Sarah: Literal murder, yes, on this… where we’re living now. But it has no reality. Just like darkness has no reality when you turn on the light bulb: it disappears. It’s our human judgment that decides what’s sin and what’s good. God sees only the good because God is the nature of good. And the light bulb and the darkness is the simplest way to realize that. The darkness is an illusion when you turn on the light. It has no real existence. All that is real is God, the Good.
Travis: And in that sense there is no evil.
Ankerberg: Is death real, Sarah?
Sarah: No.
Ankerberg: Death is not. Now, if Travis falls over and lays on the floor and stops breathing, what will we pronounce about him?
Sarah: We would say that the physical Travis is, yes, dead; but Travis was created in the image and likeness of God; and God is Spirit. Therefore, we are spirit created in that image. And it depends on, once again, what you believe God is. If you believe God is a physical person, of course you’re created in that image. But if you believe God is Spirit, then if you’re created in that image, the real of you, the Christ, is also spirit.
Travis: And we are spirit now as well.
Ankerberg: Okay, let me let Norman respond to that. Norman, if you fall off the chair and you lay down here and you quit breathing, what would you think we ought to define that as?
Geisler: Well, the Bible would define that as death where the spiritual inner aspect of man leaves the outer aspect of man. The Bible also says that the whole man – body and soul – was created in the image and likeness of God, because in Genesis 1:26 it says that God created male and female, which includes bodily distinctions. And in Genesis 9:6 it says that it’s wrong to kill somebody because he is in the image of God. So if the body were not a part of the image of God, then it would be wrong to differentiate male and female in the image of God and it would not be wrong to kill someone, because the prohibition against murder is because man is in the image of God.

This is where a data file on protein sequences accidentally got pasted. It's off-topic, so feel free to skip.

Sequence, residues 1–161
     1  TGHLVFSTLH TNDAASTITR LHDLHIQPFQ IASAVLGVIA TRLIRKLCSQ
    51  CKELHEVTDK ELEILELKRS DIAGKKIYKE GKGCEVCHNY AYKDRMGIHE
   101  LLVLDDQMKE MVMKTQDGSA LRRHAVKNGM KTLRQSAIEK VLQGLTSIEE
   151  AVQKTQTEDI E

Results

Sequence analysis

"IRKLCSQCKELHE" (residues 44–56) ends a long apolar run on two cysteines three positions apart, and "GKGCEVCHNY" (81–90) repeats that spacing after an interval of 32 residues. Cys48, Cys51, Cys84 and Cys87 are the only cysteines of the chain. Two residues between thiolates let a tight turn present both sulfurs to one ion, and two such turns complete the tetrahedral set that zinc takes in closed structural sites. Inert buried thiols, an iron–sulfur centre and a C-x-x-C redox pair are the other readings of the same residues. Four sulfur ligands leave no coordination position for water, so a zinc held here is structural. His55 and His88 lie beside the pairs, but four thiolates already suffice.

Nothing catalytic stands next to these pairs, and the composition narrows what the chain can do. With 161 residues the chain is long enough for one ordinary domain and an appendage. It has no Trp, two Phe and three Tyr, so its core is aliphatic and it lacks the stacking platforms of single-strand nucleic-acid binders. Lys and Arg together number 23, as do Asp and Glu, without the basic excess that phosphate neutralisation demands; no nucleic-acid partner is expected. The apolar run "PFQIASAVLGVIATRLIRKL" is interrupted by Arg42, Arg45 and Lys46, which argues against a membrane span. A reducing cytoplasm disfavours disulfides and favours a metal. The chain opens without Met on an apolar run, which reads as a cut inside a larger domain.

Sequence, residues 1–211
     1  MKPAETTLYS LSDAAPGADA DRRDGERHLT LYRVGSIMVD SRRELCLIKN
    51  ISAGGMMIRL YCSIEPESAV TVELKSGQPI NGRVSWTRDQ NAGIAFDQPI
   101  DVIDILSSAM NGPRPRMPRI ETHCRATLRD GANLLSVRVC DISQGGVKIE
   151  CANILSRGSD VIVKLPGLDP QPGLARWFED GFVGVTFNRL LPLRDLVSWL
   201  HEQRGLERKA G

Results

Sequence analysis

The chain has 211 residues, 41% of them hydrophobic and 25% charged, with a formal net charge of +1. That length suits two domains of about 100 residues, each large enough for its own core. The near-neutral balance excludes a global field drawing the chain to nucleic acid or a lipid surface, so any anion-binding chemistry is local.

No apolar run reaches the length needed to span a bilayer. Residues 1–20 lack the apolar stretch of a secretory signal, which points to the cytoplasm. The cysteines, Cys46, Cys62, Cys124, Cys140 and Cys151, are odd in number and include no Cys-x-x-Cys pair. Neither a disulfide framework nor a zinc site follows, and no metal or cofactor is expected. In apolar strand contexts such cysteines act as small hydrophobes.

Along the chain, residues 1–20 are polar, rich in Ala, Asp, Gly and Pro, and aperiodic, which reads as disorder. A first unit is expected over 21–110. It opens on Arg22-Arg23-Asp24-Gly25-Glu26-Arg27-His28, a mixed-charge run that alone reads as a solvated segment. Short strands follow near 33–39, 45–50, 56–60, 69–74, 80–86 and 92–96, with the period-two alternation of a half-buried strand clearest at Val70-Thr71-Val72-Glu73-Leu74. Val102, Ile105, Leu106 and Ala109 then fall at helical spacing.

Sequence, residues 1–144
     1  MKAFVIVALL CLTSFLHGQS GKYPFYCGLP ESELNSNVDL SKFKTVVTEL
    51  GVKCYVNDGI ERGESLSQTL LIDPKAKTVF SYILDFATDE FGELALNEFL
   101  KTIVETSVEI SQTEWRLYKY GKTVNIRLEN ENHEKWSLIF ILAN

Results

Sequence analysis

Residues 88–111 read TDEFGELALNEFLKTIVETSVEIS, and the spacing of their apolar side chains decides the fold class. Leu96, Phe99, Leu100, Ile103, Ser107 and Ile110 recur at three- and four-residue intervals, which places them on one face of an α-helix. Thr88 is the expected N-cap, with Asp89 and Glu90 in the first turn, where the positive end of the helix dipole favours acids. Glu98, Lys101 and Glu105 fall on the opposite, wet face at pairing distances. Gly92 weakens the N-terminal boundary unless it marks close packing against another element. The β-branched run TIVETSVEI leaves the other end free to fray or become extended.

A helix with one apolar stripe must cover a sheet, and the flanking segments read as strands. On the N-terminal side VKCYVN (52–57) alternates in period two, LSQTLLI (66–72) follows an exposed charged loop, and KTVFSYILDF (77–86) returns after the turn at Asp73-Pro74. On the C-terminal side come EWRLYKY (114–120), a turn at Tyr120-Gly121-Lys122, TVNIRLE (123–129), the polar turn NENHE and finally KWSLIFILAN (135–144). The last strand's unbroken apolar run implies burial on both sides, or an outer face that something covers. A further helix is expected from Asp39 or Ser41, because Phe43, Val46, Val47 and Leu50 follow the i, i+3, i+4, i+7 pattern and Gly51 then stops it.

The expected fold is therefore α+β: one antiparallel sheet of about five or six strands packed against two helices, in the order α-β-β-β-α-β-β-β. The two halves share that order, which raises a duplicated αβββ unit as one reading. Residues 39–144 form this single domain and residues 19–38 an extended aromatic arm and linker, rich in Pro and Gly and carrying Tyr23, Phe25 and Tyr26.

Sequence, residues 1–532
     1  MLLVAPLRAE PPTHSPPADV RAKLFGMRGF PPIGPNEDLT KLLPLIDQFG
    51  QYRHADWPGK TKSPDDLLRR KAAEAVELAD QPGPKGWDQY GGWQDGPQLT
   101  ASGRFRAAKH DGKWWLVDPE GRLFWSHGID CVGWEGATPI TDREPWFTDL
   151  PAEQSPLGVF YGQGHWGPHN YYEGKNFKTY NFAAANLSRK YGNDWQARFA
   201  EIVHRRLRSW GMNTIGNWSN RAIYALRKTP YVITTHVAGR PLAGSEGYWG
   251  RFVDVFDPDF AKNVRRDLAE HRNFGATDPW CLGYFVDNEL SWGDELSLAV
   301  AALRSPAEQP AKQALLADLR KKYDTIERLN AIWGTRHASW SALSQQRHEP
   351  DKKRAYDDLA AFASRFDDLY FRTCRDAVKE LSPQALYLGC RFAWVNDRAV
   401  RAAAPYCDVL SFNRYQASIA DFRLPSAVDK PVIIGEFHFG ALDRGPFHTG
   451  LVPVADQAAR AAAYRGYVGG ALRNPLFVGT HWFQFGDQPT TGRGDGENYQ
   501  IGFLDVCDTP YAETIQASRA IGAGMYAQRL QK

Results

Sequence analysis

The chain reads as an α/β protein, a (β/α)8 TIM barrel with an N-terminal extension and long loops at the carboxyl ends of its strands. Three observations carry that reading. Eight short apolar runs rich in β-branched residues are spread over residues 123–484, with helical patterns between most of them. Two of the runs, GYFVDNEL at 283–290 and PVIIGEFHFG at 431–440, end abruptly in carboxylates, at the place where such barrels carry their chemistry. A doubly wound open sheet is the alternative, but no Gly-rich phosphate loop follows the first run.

Sarah: Can I speak to that?
Ankerberg: Sure.
Sarah: You can also interpret that “male and female He created them” in the sense that we are all male and female. We all have the intellectual masculine nature in us and we also all have the feminine intuitive nature. So, on the metaphysical level, “male and female He created them” can mean one.
Geisler: It could possibly mean that, but the way we understand a passage in the Bible is we must interpret the text in the light of its context. This is the way we approach a newspaper; this is what we call the historical, grammatical method. The context there, the succeeding verse, verse 28, after it says in 26 and 27, “They are made male and female,” it says for them to reproduce. So it can’t be understood in a purely spiritual way because that male and female were able to reproduce children from which the whole human race came.